Rekindling the magic of Harry Potter’s world
Eddie Redmayne continues his quest to unseat Mr Cumberbatch as “that British actor you see bloody everywhere” with this adaptation of JK Rowling’s titular book. The original tome, a bestiary of magical creatures used by Harry Potter at Hogwarts, was written by a wizard named Newt Scamander in 1927 and detailed the creatures he’d studied in his world travels. The film, written by Rowling and directed by Potter veteran David Yates, shows us what Redmayne’s Scamander actually got up to when he wasn’t scribbling down important factoids about Fwoopers and Puffskeins.
However, the biggest twist comes with the setting. After eight movies set in the British school system, the action has moved across the pond to Prohibition-era New York – the first time Rowling’s world has visited our American cousins. Indeed, given her books’ popularity worldwide, it miffed many readers that so little was mentioned about other nations: magic wasn’t exclusively a European thing, after all.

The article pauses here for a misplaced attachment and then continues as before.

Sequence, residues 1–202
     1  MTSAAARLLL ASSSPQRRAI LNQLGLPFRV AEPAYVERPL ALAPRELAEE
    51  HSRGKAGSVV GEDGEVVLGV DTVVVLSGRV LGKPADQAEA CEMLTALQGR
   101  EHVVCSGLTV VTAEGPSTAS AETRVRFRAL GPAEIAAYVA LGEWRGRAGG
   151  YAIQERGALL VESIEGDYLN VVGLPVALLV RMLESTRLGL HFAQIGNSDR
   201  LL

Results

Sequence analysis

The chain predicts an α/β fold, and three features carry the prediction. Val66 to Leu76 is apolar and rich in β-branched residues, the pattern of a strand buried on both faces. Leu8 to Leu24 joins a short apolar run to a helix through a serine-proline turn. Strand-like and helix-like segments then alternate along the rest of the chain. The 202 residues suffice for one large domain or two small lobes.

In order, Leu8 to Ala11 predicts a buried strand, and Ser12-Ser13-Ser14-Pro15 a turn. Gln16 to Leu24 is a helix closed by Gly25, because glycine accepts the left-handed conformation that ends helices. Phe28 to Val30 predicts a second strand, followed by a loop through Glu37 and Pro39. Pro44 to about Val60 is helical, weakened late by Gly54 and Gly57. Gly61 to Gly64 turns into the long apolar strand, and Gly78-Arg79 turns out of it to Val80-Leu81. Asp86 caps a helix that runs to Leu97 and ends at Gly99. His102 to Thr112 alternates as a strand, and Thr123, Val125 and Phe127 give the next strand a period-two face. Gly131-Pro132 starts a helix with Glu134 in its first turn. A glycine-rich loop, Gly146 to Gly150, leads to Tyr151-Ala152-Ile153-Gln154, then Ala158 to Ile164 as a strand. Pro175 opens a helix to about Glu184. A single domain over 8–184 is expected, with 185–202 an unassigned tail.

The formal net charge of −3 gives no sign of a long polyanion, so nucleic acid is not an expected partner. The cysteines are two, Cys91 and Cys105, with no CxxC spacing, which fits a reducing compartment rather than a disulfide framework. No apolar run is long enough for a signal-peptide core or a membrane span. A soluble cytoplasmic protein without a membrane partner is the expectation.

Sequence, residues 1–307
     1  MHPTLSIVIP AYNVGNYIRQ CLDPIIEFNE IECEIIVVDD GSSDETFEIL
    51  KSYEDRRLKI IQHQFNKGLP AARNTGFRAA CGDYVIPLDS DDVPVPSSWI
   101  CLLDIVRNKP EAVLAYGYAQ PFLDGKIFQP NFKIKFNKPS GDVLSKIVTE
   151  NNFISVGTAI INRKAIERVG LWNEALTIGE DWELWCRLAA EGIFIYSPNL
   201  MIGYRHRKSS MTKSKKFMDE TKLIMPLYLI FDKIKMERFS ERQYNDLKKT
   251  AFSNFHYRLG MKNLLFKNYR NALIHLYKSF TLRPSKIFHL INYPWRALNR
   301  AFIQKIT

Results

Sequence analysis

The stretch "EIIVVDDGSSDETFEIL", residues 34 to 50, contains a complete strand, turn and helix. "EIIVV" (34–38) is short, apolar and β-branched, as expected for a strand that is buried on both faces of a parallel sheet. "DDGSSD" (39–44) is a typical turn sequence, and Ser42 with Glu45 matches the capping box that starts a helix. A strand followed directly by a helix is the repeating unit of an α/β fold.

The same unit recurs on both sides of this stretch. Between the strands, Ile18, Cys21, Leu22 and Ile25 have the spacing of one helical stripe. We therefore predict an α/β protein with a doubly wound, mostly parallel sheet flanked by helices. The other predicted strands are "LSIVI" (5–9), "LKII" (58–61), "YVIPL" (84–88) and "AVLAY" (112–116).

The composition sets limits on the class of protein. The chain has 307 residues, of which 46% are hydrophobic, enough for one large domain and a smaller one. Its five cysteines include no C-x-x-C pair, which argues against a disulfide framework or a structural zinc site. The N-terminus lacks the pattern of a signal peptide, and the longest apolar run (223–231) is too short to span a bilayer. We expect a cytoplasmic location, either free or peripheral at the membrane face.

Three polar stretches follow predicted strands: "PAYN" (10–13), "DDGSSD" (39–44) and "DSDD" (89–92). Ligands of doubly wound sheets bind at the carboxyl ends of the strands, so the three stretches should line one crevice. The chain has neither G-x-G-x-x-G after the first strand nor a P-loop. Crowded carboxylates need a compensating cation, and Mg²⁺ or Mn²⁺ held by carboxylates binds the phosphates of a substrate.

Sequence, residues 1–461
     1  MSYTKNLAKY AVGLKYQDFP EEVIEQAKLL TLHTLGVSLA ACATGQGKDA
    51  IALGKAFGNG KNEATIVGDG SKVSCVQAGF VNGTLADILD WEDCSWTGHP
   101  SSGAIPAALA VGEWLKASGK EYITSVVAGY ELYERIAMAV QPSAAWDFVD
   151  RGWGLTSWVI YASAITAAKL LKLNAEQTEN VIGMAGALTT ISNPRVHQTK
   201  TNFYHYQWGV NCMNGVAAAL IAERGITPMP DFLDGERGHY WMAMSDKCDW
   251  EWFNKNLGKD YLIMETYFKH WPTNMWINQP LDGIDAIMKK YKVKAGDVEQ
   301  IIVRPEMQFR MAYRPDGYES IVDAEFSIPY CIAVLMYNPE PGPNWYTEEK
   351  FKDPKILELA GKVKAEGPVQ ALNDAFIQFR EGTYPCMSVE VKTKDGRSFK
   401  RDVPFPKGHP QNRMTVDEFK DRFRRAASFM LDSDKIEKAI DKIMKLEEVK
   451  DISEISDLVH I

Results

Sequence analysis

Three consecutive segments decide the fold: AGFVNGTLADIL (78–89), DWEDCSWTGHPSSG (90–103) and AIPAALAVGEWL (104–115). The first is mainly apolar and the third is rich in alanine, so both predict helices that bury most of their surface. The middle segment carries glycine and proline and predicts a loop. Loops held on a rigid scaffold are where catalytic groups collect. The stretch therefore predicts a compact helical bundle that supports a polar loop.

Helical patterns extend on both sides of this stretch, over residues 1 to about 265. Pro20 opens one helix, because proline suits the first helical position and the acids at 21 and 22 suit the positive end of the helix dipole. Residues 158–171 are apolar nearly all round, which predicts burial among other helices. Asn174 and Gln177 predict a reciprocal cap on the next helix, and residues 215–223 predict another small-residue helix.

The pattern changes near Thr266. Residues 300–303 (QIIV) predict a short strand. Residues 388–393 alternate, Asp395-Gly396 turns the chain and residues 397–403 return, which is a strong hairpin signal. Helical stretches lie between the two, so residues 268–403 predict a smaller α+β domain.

Fantastic Beasts gives us the chance to find out how wizards and witches are treated elsewhere – Rowling even posted a magical history of North America on her Pottermore site to get us ready for the film. (And yes, there were real witches burned at Salem...)
So the lure of Fantastic Beasts is the chance to follow a British wizard (plus his mysterious, creature-filled briefcase) to the USA and make the Potter brand even bigger. The magical community he meets there include Jon Voight, Ron Perlman and Ezra Miller – and given Scamander’s globe-trotting, if this is a hit there could be many more movie travelogues to come.
Shifting luggage around has never been more thrilling.